A monthly blog about the sensory experience of New York City

Monday, January 14, 2019

TOUCH: Mother Pigeon's touchable street pigeons and rats



Mother Pigeon, a.k.a. Tina Trachtenburg, makes soft sculptural pigeons and rats out of fabric and wire. You can sometimes find her in Union Square Park, sheathed in her handmade feathered oufit, with her “flash flock” pecking at the pavement around her. As she adds whiskers to a rat’s nose or wraps a pigeon’s foot in yarn, she receives visitors—both human and avian—who are alternately fooled, startled, repulsed, charmed, and intrigued by her lifelike creations. For Mother Pigeon, an animal activist focused on the rights of urban pigeons and rats, this is all part of a day’s work.


Crafted from acrylic felt, fake fur, and fabric scraps, and stuffed with recycled clothing and polyester, her handcrafted birds and rodents are, unlike their living cousins, touchable—even cuddly. Customers cradle them in their arms, nuzzle them against their shoulders, stroke their heads. Often, New Yorkers’ love-hate relationship with the animals transforms on the spot.


A few weeks before I met Mother Pigeon, I encountered one of the objects of her activism at one of New York City’s free Rodent Academies, also known as “Rat Trainings,” where community members learn how to combat the city’s rat population. Held in a Hunts Point coffee shop after-hours, the seminar—which offered free wine and free rodent-proof trash bins to attendees—provided tips for making your building and neighborhood unwelcome to rats. “Stress the pest” was the mantra. One technique that definitely wasn’t suggested was snuggling with the pest.


“It would be nice if we weren’t constantly torturing them,” Mother Pigeon told me. “I can’t bear to see them suffer.” She admires street animals for surviving under extreme circumstances, in the shadow of popular disgust, and facing unreliable food sources (though some New Yorkers might beg to differ). 


Mother Pigeon’s animals are born in her Bushwick home workshop, where I visited her just before the December sales rush: it turns out velvety vermin are a popular holiday gift. As we talked, two rats nibbled on a slice of felt pizza, a sight that would likely horrify most apartment dwellers.


Mother Pigeon creates three styles of rats—the roughed-up Pizza Rat and Subway Rat (above), and the more-refined Park Rat,


as well as two types of pigeons: the Times Square Pigeon (downtrodden and grouchy)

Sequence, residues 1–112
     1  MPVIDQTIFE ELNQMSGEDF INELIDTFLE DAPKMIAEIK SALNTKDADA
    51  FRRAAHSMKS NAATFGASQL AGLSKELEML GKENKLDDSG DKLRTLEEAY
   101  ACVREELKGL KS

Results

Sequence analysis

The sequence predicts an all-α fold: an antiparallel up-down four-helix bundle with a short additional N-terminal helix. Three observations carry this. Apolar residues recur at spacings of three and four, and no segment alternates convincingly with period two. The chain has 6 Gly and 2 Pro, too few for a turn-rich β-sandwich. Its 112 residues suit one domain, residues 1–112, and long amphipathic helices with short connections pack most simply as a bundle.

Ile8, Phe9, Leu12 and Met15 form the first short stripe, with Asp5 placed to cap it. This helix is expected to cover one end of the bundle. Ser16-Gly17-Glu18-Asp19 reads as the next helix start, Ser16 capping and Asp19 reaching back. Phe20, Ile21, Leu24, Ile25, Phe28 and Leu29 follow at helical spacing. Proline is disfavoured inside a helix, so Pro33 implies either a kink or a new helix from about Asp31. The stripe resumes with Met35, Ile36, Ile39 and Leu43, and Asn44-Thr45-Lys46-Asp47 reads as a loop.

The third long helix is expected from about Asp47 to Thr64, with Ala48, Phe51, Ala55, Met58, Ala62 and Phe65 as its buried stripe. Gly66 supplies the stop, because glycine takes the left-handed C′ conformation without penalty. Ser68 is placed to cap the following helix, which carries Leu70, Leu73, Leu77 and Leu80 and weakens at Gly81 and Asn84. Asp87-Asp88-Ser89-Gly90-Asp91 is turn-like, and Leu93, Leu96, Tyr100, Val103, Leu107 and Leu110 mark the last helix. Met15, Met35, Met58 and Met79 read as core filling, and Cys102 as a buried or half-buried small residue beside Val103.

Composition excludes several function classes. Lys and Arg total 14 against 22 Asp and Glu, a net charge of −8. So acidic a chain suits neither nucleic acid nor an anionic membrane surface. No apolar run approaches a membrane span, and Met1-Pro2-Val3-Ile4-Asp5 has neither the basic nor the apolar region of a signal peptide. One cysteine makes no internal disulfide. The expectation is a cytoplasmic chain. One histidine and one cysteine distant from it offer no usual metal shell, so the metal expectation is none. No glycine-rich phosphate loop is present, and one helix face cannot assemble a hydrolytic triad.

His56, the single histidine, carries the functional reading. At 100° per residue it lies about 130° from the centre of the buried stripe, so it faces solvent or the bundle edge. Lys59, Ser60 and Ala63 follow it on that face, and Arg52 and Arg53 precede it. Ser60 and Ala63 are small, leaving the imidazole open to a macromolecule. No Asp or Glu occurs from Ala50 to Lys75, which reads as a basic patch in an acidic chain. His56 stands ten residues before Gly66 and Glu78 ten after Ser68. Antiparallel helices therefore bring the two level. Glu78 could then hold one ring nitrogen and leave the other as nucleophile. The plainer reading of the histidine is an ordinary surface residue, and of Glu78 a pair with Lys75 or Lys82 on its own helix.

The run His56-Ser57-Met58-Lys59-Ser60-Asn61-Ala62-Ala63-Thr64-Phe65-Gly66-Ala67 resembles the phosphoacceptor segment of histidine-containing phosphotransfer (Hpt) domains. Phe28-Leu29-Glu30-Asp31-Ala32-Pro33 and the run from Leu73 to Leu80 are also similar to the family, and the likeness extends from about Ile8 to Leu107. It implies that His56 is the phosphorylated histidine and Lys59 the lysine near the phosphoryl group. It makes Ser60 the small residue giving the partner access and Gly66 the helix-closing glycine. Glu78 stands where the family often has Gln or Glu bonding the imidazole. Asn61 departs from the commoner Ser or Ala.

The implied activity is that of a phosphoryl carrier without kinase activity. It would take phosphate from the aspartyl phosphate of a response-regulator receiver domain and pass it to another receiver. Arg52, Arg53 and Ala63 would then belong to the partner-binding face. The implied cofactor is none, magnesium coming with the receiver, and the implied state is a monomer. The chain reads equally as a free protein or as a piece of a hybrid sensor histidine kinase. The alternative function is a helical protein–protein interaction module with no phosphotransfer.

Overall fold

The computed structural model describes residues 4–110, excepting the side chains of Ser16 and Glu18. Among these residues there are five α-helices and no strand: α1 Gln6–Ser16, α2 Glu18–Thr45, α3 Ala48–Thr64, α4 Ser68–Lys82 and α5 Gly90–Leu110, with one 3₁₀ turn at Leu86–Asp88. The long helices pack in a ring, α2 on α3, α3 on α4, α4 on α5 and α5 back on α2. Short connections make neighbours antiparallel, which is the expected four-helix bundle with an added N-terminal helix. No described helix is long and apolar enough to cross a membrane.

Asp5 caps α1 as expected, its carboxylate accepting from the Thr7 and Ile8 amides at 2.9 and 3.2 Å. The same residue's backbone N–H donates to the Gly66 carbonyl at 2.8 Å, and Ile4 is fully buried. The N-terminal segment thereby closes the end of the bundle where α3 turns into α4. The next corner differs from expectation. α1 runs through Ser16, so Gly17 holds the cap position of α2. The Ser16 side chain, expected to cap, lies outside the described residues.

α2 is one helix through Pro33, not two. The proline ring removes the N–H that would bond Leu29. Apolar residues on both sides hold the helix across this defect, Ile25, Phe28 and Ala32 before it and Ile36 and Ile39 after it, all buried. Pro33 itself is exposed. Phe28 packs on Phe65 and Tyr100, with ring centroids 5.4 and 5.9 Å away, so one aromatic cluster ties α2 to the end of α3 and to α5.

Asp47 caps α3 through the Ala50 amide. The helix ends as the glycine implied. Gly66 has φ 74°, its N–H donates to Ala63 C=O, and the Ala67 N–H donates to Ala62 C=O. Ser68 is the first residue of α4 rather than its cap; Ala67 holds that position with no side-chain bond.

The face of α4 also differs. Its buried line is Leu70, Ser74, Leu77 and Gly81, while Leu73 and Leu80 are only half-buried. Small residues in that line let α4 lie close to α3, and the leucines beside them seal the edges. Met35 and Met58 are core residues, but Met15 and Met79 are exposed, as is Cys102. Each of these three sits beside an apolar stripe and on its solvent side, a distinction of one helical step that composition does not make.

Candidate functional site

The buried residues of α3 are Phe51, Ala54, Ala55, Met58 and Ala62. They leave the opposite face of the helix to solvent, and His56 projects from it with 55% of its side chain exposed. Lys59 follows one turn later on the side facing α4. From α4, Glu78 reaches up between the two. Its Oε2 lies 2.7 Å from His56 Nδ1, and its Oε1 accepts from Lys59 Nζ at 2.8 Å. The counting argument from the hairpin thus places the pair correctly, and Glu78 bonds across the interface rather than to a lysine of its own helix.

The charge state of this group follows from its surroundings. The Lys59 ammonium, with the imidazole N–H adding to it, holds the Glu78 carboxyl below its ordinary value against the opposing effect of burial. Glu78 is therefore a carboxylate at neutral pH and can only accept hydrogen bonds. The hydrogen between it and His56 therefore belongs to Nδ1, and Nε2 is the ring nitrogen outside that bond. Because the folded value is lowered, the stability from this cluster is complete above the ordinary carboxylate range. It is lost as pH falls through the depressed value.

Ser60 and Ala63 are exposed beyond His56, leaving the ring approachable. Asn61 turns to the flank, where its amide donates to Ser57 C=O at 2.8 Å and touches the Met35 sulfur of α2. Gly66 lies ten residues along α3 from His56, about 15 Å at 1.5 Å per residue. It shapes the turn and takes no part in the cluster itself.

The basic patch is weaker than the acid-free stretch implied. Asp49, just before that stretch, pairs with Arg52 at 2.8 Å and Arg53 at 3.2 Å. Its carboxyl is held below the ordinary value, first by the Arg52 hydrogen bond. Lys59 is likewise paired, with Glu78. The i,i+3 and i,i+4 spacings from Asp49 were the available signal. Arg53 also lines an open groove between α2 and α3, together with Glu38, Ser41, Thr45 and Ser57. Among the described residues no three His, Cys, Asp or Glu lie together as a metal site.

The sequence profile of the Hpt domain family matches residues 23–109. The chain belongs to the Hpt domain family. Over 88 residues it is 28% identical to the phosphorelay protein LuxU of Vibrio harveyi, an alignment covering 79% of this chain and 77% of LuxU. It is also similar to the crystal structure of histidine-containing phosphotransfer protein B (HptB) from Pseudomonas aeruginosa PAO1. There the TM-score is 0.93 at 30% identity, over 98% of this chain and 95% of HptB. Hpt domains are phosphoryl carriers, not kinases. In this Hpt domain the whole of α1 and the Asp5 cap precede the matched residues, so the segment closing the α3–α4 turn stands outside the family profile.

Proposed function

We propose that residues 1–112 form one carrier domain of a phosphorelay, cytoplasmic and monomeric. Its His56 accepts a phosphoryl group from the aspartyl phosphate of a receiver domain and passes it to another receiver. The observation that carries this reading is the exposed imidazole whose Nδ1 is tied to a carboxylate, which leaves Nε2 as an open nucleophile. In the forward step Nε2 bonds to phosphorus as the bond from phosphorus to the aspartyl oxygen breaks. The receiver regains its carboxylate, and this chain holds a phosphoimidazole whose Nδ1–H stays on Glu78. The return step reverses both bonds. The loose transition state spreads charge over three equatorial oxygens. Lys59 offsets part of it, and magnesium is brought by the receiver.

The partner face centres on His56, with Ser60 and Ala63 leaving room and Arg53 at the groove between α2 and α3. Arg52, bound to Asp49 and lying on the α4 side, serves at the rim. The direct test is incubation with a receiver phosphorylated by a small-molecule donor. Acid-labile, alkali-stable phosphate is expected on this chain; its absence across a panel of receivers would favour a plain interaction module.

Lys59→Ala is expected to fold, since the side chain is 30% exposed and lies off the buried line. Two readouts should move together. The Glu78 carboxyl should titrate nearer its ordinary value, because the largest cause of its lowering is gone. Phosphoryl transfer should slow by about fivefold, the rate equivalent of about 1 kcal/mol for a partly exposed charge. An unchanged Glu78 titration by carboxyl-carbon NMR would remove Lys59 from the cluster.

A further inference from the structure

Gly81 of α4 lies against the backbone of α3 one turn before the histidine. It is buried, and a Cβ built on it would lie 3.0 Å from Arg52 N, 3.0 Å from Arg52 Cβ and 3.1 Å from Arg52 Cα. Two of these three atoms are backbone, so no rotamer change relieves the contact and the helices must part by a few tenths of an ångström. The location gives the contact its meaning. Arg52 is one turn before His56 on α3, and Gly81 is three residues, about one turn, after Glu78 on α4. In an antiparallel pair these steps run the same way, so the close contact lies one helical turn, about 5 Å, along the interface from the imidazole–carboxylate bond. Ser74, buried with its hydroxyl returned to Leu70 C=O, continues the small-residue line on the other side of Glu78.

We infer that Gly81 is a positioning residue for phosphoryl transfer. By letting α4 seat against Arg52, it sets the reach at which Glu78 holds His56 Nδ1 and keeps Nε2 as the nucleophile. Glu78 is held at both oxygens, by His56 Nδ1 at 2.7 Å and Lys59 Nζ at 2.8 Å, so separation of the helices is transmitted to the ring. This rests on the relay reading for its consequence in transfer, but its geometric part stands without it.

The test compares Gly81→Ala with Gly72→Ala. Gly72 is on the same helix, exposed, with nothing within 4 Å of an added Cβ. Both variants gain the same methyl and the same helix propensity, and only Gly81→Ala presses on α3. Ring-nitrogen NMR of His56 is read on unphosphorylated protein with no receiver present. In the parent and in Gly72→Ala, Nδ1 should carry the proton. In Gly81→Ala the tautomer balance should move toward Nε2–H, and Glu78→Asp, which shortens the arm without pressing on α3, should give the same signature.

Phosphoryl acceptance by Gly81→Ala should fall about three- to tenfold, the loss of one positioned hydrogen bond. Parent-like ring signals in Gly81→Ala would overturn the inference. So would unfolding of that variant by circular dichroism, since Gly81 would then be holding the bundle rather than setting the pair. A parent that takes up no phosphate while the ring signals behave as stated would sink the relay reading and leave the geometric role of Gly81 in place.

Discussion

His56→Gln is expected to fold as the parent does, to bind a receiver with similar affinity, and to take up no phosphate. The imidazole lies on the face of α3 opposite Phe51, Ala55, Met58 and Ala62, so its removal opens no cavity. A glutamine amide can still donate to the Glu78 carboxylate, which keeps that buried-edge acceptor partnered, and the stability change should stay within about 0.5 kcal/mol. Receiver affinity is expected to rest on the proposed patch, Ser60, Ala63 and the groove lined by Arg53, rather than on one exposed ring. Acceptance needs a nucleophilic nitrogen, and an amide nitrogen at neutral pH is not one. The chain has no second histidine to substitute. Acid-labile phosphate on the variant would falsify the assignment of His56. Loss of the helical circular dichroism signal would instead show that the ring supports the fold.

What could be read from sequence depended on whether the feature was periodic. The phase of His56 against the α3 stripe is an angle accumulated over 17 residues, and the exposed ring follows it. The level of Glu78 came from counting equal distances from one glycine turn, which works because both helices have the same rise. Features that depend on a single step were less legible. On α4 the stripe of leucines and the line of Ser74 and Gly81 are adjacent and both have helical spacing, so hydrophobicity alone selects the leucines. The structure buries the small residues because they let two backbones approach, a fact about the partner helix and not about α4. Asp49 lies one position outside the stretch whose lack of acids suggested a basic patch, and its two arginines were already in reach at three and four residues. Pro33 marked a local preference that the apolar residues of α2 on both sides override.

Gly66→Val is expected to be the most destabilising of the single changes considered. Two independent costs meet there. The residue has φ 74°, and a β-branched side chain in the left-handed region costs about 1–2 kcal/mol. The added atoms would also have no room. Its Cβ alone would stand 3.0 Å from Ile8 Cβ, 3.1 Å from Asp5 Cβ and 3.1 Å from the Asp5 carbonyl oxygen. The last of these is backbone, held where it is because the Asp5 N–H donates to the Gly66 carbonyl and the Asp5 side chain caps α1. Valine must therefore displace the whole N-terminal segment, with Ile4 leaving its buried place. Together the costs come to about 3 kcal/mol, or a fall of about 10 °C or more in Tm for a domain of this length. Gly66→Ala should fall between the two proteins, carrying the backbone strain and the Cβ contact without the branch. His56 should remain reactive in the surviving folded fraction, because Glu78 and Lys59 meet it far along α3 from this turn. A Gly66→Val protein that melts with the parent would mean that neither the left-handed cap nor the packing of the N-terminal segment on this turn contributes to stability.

and the rakish Park Pigeon.


She also feeds live pigeons in her neighborhood—one hundred pounds a week of organic Amish pigeon food. She knows all the regulars, just as she does in the park.


Once or twice a week, her husband helps her transport her suitcase of sculptures by subway to Union Square, where she holds court, fielding questions, smiling for photos, and greeting customers, while advocating for her cause. 


Some typical comments: “That scared the shit out of me!” “Look, the real ones are confused.” “I hate pigeons—but I like yours.” She tells me, “My favorite is when people come by and say they hate pigeons, and I give them ‘Adoration of the Pigeon’ [her screed], and they come back and say they are now feeding the pigeons.” Often, people purchase the sculptures to convert an intractable friend or family member. “I still wait for the day when someone buys the whole flock,” she says.


There’s even a soft sculpture of Mother Pigeon beside the donations box. So far, though, no one—not even the pigeons—has mistaken her for the real thing.








Tuesday, December 11, 2018

SIGHT: Christmas decorations at Rolf's German Restaurant



Rolf's German Restaurant, on the corner of Twenty-second and Third, is unremarkable in most respects: bland and overpriced food, surly staff, a phone that's never answered, and a faded exterior lurking beneath a scaffold. Yet each December, droves of tourists line the sidewalk and peer in the windows from noon to closing, waiting up to two hours for a quintessential New York City bucket-list experience that seems to be off the radar of most locals I know.


Beyond Rolf's wooden doors is a Christmas decoration extravaganza that puts even the famous Dyker Heights lawn displays to shame. 


The restaurant is bedecked with over fifteen thousand ornaments and hundreds of thousands of lights. Colored orbs, ribbons, glass teardrops, interlacing tree branches, gilded chandeliers, and icicles dangle over the crowd, which is packed sequin-to-sweatshirt into the bar area, craning over shoulders to snap selfies and maneuver their holiday cocktails without spilling. The room smells of body heat, lotion, and wool. As I hunker beneath a coat rack, peering at a couple wrangling with a piece of schnitzel, the bourbon-laced eggnog provides a welcome antidote to the claustrophobia.


The decorations reportedly cost the restaurant almost seventy thousand dollars a year and take six weeks of overnight work to install. They appear in early fall and stay up through the spring, but Christmas is the best time to visit Rolf's. The crowds of revelers are part of the experience, complete with Santa hats and rosy cheeks, raising their glasses of mulled wine to the dolls that stare down, unsmiling, from the pressed-tin ceiling.


"We need a SWAT team. And a helicopter," mumbles a woman, slithering past puffer jackets and ducking under beer steins. “I hope we’re only staying for one drink, because this is not happening," huffs his friend. “And I waited in the cold for this!” “It’s an experience," she insists. "At least now you can say you did it!”


But I say give me any of the city's other crowded holiday attractions—Rockefeller Center with its armed police, Serendipity 3 with its hour-long wait for frozen hot chocolate, Macy's with its lines of Santa-bound toddlers, and even Dyker Heights, with its lurching queue of cars—or give me Rolf's, where the jam-packed-ness of it all is the very reason you are here.



Thursday, November 8, 2018

SIGHT: The House of Collection




Oil cans. Propellers. A box of desiccated rodents and a row of crop dusting tins. Antique locks and tire chains. A tangle of discarded toe shoes. Chemistry glassware. Tugboat ropes and embroideries of flowering herbs. Buddha statues, a jackalope, and a taxidermied buck head in drag.